In the quest to build bionic hands that can “feel,” vibrotactile feedback is starting to generate significant buzz.
Researchers at multiple universities have had recent success in clinical trials with prosthetic limbs that simulate the sense of touch via buzzers. By transmitting signals from bionic fingertips to the surface of the wearer’s residual limb, these devices help upper-limb amputees manipulate objects with greater precision and less mental effort than conventional prostheses demand. And because they don’t require surgery or other major interventions, vibration-based sensory feedback systems are more affordable and easier to master than alternatives such as targeted muscle reinnervation (TMR) or peripheral nerve stimulation.
A team at Florida Atlantic University achieved a breakthrough earlier this year by connecting a bionic hand to users’ nervous systems by means of a soft robotic armband. According to findings published in Nature Scientific Reports, the system enabled users to execute a range of complex manual tasks, even when they couldn’t see their bionic digits and had to operate solely on feel. One participant was able to grasp a ball with three fingers while flicking a light switch on and off with the pinky. Another used the bionic thumb and pinky to unscrew the lid of a water bottle while simultaneously using two other fingers to maintain a steady grip on a playing card.
“Our researchers are addressing the loss of tactile sensations, which is currently a major roadblock in preventing upper-limb-absent people from multitasking or using the full dexterity of their prosthetic hands,” Florida Atlantic’s Stella Batalama told Science Daily. “Enabling refined dexterous control necessitates not only the interpretation of human grasp control intentions, but also complementary haptic feedback of tactile sensations.”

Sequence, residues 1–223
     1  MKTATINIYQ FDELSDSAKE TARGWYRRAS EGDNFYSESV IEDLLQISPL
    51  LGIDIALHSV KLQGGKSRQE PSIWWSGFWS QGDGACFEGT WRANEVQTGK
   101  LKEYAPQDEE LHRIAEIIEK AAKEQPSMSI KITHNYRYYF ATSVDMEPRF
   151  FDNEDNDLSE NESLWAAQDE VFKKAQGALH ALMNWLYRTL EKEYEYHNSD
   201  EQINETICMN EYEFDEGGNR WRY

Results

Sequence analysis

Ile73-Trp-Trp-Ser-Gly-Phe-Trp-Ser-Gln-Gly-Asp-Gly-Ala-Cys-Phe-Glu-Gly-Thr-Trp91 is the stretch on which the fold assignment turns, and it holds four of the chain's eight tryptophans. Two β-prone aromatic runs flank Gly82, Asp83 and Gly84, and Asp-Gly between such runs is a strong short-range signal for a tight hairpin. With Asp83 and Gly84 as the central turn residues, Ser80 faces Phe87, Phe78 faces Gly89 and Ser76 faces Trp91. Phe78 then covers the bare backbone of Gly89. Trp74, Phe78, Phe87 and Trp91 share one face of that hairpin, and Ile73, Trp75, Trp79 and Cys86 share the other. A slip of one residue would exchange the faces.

A similar project is underway at the University of Cincinnati, led by psychologist Charles Moore. In an initial trial of that system, able-bodied participants wore a vibrating armband to guide an artificial hand in virtual reality. By working with non-amputees in virtual reality, the researchers were able to directly compare natural sensory inputs with simulated ones—and they found no difference in either perception or the ability to execute manual tasks.
“These findings might have a large impact on the future of prosthetics,” Moore and his fellow authors concluded in Frontiers in Neurorobotics. “Vibrotactile feedback is less invasive and risky than neural connection. . . [and] is a low-cost solution that may be added to existing prosthetic systems by simply retrofitting (or creating new ones) using relatively simple technology.”
The same principle can be applied in prosthetic legs. One recent case study published in the journal Medicine described how a vibrotactile feedback system improved balance, gait, and walking speed in a below-knee amputee. A larger clinical study is in progress at the Cleveland Clinic, with the goal of developing new socket designs.
The Florida Atlantic study holds particular promise, as it demonstrated users’ ability to exercise fine motor control over all five digits independently. Will refinements allow future upper-limb amputees to type on a keyboard, tie shoelaces, and the like? Stay tuned.